Comparison is, as a human being, rather natural. A mom of a toddler aged boy shared the story of her boy and another same aged boy comparing anatomical differences at 3. Comparisons start early in life, and probably continue through until our days of dwelling in the local bone orchard. There are places where comparing is good, comparing thread is good. I like comparing thread. There are quilters who do not agree with my thread choices and that’s okay. I know why prefer the threads I prefer. Because I’ve compared them, on the machines I use and they work. And the threads I don’t prefer, some people do prefer them. Because they’ve compared them, on their machines and they work, for them.

grammas-thimble-with-needle-threader

This is my preferred thimble. Because it was my Gramma’s. That is all

Comparing thread, machines, needles, rulers, cutting mats, storage ideas is great. These are useful TOOLS. They are inanimate objects where some comparison is necessary. In the quilt world this comparison has something of a subjective air about it, and it’s important that it does, as what we are doing is highly personal. I like my current cutting mats and have been eyeing another brand but seriously do not want to invest money in a new cutting mat right now so there will be no cutting mat comparisons anytime soon. Though I want to compare them. And Rulers. I’ve been flirting with new rulers for a long time. Again, the investment for comparison is higher than I’d like at the moment, so no comparison there. I have compared seam rippers and know my preferred brands. Yes, brands.

In an effort to find a particular blog post I found “I figure I’m about 1/2 way there” and had an idea for a quilt at the same time. And in my mind flashed a quilt I’ve been working on and why it’s working. And “You are enough” is whispered in my ear.

The thing about comparing is learning to know what to compare and when to compare it. Remember too, that Masters were once Novices. A novice comparing themselves to a Master is a good thing only when they are looking for the places to improve their own skill, looking for the right questions to ask, seeking direction. A Master will not compare their work to a Novices, they will be reminded of the learning curve, how hard things were at one time, and how they learned along the way. The Master will offer insight and encourage.

There is a further level to this, if we want to acknowledge clear differences between our work and a Master’s work, that’s fine. This is an appreciation of hard work, and skill, that is not in any way to diminish our own work. Acknowledging someone’s hard work, and effort, that’s good. Saying our work is crap because it doesn’t meet the skill level we see, eh, not so much. Wanna compare time invested in developing said skill? Great! I’m all for it. Time invested is objective, not subjective.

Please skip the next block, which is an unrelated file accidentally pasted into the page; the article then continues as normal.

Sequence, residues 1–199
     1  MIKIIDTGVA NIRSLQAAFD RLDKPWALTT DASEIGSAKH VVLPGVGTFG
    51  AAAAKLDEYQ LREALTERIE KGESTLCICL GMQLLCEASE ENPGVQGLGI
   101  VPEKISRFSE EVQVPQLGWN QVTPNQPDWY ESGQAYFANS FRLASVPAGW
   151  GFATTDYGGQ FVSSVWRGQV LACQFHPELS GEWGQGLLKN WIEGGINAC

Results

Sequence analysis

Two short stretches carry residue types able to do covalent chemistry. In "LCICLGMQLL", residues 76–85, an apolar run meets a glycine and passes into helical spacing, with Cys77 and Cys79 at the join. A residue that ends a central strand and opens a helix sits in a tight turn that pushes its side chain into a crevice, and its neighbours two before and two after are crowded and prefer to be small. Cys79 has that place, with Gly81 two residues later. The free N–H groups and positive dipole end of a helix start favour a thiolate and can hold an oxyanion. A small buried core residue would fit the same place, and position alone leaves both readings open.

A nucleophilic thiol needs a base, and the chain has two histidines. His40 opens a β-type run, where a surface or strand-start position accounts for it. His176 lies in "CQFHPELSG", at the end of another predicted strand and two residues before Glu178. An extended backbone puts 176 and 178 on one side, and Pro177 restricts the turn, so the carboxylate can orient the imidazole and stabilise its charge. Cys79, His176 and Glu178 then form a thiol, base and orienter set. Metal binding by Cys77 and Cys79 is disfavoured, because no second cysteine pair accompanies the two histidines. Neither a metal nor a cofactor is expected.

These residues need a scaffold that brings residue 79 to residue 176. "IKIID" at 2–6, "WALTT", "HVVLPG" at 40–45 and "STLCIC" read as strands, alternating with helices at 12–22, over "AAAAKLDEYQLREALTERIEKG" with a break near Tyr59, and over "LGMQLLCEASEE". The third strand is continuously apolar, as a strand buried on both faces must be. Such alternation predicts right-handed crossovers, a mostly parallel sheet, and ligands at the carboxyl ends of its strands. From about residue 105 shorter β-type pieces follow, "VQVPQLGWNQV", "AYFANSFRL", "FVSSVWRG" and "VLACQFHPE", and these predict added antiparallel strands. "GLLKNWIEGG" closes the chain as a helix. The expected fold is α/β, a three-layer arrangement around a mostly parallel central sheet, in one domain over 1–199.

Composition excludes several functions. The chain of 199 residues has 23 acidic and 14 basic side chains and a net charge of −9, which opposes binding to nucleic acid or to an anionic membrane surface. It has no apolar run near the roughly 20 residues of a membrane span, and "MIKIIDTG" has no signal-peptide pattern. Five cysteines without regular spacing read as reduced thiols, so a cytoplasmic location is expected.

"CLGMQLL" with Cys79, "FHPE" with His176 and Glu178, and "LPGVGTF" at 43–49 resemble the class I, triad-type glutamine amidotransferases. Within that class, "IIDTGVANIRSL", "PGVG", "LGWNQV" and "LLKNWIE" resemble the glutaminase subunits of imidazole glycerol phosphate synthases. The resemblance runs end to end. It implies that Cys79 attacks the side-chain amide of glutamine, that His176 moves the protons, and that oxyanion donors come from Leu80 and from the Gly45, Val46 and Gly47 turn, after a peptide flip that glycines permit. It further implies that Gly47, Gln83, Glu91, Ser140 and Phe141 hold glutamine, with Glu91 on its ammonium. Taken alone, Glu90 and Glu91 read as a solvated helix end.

trees needle 1

The quilting I did 6 years ago is very different from the quilting I do now. I can compare my work and appreciate how different the quilting is now. I can see growth and changes. I can see the quilting taking a direction.

Where were you 5 years ago?
How has your quilting changed?
Is there anything that surprises you?
What’s the most significant change?
Write yourself a note to take stock of your work and see how it’s changed.
And give yourself the reminder that comparisons belong to the things we use, not our person.

Happy Quilting,

Teri

TDVDB101_outhere are people in your life that you just admire for one reason or another. I “met” Paula Reid on Simply Quilts with Alex Anderson 100 years ago. Her comment, “Oh Alex!” in answer to Alex’s, “Do you ever do handwork?” question still makes me giggle. At my very first teaching gig Paula took me under her experienced teacherly wing, having dinner with me and listening when I was struggling for a moment. Having dinner with herself, Karen Stone and a few other teachers is still one of the highlights of that teaching gig in Knoxville. I love meeting up with Paula any chance I get.
It was Paula’s fluff and stuff technique that helped me break through the whole, “I can’t quilt this on my home sewing machine” fear. She did. I did. I can. I teach it now. Paula and  I still have different approaches to that, and this shows there’s plenty of ways to machine quilt. And plenty of reasons to take classes with a variety of teachers.

A while back I got to review Paula’s Craftsy Class. (her class is here)

NeopolitanTeri:  How did you get started quilting?